Singerly Junior Officer Recalls Fire Company Working a Presidential Detail

2014-07-24 09.20.31arElkton, July 24, 2014 — Today a veteran firefighter, Leroy Hampton Scott, III (Scotty) sat down to help fill in Singerly Fire Company’s past at the department’s listening station. With over a half-a-century under his belt, Scotty shared stories that are part of a structured initiative called the Singerly Listening Station, an oral history project that is documenting the public safety agency’s heritage and honoring the memories of those who served.

The teenager joined the ranks as a rookie in 1958.  After that, he contributed countless hours to the service, fighting blazes, hanging onto the back of rushing fire engines, doing fundraising, and helping keep the organization running. He reached the rank of deputy chief before retiring from active duty.

Scotty had many recollections, but some stood out more than others for him. When the senior volunteer was asked about an extraordinary thing etched in his memory, he quickly mentioned an event that took place 51 years ago this autumn, something he still vividly recalls.

“The things you got to do, but you’ll never get a chance to do again,” he explained. “As near as I am to you [about 5-feet away),” he motioned with a sweeping hand gesture, “I was that close to the president.”  The Singerly junior officer was part of a November 14, 1963, detail, helping protect President Kennedy during his 62-minute visit to dedicate the new interstate highway.

Long before the chief executive touched down on Cecil County soil, security, crowd control, and safety arrangements had carefully been pinned down. Elite secret service men guarded JFK, Maryland and Delaware State Police established secure perimeters, and the fire department stood by at the landing site.

When Marine 1 came into view, newspapers estimated that there were 5,000 people on the Mason Dixon Line. That helicopter eased down to the ground, bringing the nation’s leader to the famous old Line where a speaker’s stand was set up for the ceremony. The Delaware National Guard “played Hail to the Chief,” while the president walked to the stand to offer remarks.

The large, enthusiastic crowd greeted the energetic leader warmly on that memorable day in mid-autumn. As JFK, the governors and other dignitaries delivered speeches, an engine and rescue truck stood by, in case they were needed. “I recall that Aetna Hose Hook and Ladder of Newark, Delaware was there too since it was on the state line and I believe we had an ambulance,” he noted.

“We were right up front. They wanted us nearby in case something happened, as it did eight days later.”  Chief Edgar (Spec) Slaughter commanded the operation that day and “I was on 27, the old rescue. The rescue got placed closer in,” Scotty recalled.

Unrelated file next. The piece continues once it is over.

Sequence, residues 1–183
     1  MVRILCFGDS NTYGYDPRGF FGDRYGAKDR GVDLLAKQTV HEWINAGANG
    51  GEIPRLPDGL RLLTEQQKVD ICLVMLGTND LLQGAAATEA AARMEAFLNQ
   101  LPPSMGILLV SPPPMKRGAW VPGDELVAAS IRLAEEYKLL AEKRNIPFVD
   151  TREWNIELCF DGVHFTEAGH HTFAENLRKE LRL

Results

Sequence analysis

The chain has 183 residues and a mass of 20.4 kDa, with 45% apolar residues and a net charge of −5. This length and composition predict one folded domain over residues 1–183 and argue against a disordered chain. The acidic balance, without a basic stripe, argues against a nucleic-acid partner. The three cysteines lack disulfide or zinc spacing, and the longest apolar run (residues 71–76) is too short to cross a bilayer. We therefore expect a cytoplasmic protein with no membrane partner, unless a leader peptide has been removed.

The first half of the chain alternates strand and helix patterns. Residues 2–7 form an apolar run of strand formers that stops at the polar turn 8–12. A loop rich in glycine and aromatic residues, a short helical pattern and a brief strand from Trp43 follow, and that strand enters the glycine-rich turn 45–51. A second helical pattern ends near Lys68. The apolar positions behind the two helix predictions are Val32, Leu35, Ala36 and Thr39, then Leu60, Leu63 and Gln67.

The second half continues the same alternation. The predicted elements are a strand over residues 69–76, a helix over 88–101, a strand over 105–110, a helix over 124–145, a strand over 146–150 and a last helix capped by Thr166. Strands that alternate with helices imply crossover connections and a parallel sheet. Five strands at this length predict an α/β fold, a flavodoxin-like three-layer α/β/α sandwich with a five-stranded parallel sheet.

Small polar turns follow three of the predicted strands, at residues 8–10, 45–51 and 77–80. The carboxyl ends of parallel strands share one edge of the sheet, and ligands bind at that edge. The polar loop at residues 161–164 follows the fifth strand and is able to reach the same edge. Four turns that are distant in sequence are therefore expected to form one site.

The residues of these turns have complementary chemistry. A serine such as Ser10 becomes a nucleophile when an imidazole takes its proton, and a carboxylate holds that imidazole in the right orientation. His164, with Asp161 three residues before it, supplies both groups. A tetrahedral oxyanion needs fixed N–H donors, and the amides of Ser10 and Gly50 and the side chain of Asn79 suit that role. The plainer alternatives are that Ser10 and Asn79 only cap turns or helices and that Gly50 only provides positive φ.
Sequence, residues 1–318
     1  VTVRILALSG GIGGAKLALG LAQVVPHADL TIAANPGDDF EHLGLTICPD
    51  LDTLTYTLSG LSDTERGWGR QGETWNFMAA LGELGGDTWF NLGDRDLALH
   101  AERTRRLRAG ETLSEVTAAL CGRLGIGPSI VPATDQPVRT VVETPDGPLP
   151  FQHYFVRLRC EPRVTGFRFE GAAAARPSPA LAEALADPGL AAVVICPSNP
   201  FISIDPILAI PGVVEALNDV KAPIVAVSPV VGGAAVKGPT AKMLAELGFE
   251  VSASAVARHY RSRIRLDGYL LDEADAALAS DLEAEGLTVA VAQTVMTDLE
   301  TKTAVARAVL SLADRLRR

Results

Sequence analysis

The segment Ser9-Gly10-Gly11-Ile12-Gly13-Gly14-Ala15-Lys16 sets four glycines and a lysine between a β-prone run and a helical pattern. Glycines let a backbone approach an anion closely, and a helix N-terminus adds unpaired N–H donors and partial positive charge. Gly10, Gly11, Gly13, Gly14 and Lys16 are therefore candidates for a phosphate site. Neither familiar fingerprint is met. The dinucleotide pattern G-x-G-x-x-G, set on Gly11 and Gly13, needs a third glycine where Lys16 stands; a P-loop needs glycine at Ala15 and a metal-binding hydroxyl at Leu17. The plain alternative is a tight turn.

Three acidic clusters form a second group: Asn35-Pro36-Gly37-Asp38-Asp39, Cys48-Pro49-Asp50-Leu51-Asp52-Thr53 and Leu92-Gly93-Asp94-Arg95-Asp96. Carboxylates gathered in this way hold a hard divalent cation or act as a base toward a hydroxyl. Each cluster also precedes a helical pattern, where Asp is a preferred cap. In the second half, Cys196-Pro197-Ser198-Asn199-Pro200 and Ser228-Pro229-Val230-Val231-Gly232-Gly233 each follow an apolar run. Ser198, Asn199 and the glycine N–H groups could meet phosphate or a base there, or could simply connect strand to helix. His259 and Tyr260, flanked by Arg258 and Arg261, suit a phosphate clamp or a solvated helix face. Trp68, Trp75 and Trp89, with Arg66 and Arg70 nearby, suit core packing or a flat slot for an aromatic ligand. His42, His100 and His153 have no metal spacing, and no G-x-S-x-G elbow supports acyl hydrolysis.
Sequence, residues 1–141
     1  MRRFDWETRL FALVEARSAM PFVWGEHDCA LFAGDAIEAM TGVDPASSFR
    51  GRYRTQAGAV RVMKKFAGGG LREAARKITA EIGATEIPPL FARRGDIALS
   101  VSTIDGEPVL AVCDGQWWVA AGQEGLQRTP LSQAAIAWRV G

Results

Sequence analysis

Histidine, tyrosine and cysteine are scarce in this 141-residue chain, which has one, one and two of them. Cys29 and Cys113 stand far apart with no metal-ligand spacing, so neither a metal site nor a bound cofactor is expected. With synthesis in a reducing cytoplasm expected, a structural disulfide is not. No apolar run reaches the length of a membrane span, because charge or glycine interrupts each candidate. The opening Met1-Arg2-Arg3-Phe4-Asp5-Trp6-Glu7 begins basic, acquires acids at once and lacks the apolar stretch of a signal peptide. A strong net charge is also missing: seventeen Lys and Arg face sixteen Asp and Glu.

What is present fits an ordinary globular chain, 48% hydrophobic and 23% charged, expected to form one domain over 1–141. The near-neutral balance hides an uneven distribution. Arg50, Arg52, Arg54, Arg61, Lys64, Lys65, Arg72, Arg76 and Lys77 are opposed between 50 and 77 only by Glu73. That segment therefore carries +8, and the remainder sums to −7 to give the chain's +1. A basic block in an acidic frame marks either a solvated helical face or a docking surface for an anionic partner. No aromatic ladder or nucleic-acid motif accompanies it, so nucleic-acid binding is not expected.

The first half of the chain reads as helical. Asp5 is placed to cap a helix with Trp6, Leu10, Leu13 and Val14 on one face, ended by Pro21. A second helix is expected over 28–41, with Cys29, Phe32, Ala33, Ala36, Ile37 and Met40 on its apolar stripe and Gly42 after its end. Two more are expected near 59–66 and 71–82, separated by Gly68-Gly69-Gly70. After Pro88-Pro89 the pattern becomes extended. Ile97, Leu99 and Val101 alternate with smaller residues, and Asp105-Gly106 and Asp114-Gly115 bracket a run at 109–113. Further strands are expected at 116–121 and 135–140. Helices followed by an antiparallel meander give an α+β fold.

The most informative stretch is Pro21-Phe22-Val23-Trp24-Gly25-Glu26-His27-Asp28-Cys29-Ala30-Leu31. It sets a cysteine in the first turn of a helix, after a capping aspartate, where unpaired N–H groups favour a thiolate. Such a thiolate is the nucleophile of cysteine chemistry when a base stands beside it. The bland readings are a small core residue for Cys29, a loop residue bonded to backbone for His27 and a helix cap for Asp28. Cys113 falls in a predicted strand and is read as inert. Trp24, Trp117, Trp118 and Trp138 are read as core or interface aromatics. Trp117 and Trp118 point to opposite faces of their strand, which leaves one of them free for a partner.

After snipping the ribbon and unveiling a marker on the state line, the president shook hands while returning to the helicopter. At the door of the craft he waved to the crowd before disappearing inside. “While the bird faded into the eastern horizon, the area was bathed in a dramatic sunset as people headed back to their cars on this chilly Thursday afternoon,” the Morning News reported.

Scotty was also a rural mail carrier in 1963, and when he came back to the post office on November 22, 1963, he learned about the death of the president. Practically everyone in Cecil County recalled that it was only eight days earlier that the president had visited Cecil to open the Northeastern Express, which was soon renamed the John F. Kennedy Memorial Highway.

While many here had seen John F. Kennedy on that historic day, Scotty’s work as a volunteer firefighter had allowed him to see the energetic, youthful man up close and that made the entire sequence of events “mean that much more to me,” he concluded.

While most people settled down to listen to news flashes out of Dallas and to deal with the shock, Scotty wasn’t done.   “I also worked with my dad in construction, after finishing the mail. We had just poured concrete at the First National Bank of North East. I had to stay and finish the concrete and everybody in the world was coming by to tell us what had happened.

This was just one of Scotty’s many stories, a moment when a volunteer fire department assignment brought him to the dedication of the new expressway, where he stood feet away from the President of the United States.  His encounter with Kennedy was thrilling and was something he shared 51 years later.  Since it is a unique Singerly story we decided to share it now. A video summary of Scotty’s full interview will be posted in the next few weeks.


Residents hold signs greeting President Kennedy.

Residents hold signs greeting President Kennedy. Source: Historical Society of Cecil County


Hampton Scott at Sta. 13

Hampton Scott at Sta. 13


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